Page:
July 22, 2020

MNOs Slaying Their Golden Goose in A2P by not Securing SMS

A2P messaging is an enormous revenue stream for operators, with a market worth over $60 billion – but as its popularity and ubiquity increases, so too do threats to its security. SMS remains vulnerable to a variety of attacks, and the industry response is less than encouraging. If security does not improve, MNOs stand to lose massively. 

Is 2FA secure for subscribers?

On more than one occasion I have seen presentations from the industry about an SMS interception attack – where an attacker would steal a 2FA password. This happens because of inadequate signalling protection on the home network of the victim subscriber.

In the aftermath of such a presentation, a predictable pattern of comments and questions follow. Some of these (rightfully) focus on things like “How can we prevent this happening again?” along with some suggestions about how to do so. Then inevitably another type of comment will emerge: “Why is this application or enterprise using SMS for 2FA anyway? We all know it is insecure.” This typically receives some significant support as well.

The golden egg

The attitude shown in the latter comment really is telling of the potential disconnect between departments in any given operator. A2P SMS is a very significant revenue stream for operators. I am not sure that the finance department in any MNO would be impressed by such thinking from their fraud/security representatives, regardless of how correct they may be.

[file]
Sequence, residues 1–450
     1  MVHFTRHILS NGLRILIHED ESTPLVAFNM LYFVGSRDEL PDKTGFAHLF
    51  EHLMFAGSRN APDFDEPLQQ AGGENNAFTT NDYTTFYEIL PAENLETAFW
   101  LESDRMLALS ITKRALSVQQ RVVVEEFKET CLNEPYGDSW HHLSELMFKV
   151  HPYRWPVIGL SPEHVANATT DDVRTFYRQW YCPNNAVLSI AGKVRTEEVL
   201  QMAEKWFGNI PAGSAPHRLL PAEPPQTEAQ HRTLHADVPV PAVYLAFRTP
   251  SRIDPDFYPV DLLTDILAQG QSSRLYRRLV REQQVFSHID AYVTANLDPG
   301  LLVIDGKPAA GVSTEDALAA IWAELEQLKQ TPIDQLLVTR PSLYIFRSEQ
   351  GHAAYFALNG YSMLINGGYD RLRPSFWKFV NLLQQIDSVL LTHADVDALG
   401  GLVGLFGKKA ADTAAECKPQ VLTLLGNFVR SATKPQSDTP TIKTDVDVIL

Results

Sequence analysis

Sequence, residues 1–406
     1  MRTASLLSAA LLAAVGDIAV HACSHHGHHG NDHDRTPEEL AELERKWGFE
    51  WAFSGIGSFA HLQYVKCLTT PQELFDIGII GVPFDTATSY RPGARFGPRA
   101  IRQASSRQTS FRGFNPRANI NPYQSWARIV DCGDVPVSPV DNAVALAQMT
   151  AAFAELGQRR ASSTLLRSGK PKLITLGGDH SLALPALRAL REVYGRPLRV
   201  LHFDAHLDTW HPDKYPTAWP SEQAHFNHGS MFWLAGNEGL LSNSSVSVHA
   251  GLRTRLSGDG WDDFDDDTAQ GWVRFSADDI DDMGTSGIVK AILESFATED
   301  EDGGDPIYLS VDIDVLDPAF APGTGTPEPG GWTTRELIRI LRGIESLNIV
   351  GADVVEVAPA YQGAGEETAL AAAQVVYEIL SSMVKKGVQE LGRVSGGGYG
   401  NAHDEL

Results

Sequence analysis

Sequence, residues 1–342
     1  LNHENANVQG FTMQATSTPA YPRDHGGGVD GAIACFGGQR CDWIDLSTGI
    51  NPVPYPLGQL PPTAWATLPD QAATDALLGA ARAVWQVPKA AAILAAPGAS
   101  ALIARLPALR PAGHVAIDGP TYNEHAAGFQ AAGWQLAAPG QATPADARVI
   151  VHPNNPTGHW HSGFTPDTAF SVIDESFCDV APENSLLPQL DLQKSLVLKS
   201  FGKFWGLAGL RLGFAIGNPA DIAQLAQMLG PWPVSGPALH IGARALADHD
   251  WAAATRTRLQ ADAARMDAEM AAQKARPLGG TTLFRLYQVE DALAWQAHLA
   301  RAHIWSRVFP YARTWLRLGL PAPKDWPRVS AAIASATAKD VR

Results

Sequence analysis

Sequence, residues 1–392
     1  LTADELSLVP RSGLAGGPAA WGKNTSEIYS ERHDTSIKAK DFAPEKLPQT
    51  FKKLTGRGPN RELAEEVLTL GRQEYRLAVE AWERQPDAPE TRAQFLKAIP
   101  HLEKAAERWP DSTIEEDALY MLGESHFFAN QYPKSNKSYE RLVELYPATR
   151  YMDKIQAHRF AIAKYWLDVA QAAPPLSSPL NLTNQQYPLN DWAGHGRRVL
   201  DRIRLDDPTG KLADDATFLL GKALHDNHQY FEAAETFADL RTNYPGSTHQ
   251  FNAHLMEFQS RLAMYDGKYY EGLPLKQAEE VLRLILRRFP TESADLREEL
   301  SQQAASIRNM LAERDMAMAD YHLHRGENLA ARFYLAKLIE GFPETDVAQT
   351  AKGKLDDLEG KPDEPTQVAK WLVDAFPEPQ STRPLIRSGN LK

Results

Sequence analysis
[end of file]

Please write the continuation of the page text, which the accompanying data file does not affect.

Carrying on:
It may be the case that people in the know are aware of the vulnerabilities in SMS, but this view isn’t widely known within many enterprises that rely on SMS for two factor authentication. I highly doubt that when an MNO attempts to sell the benefits of A2P SMS to enterprise customers, the pitch ends with: “By the way, watch out because this really isn’t secure.”  

Cracks emerge

Many operators seem to want it both ways: they want everyone to use SMS for 2FA, and reap the rewards in revenue – but at first sign of a security issue, the response is “SMS isn’t secure anyway.” As inaction continues in signalling security, some enterprises are already seeing these security flaws for themselves and many choose another way of doing 2FA.

Luckily, SMS is still extremely popular due to its ubiquitous support on all handsets, and the fact that it is the incumbent technology. The old saying prevails: “If it ain’t broke, don’t fix it.” SMS 2FA still works, which means enterprises are less inclined to invest to fix something that they do not consider to be broken. However, enough complacency over SMS security from MNOs will change this attitude.

Secure the goose, protect the egg

SMS does not need to be insecure. Yet nothing is achieved without some effort, and investment is required to make SMS secure. It’s only natural that operators might be unwilling to part with their hard earned revenue for security that they don’t deem essential.

However, the reality is that an investment in signalling security will pale in comparison to the loss of a valuable revenue stream in A2P SMS if the industry continues to wash its hands of responsibility for securing this lucrative channel. If operators want to keep A2P, SMS security is essential. 

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July 22, 2020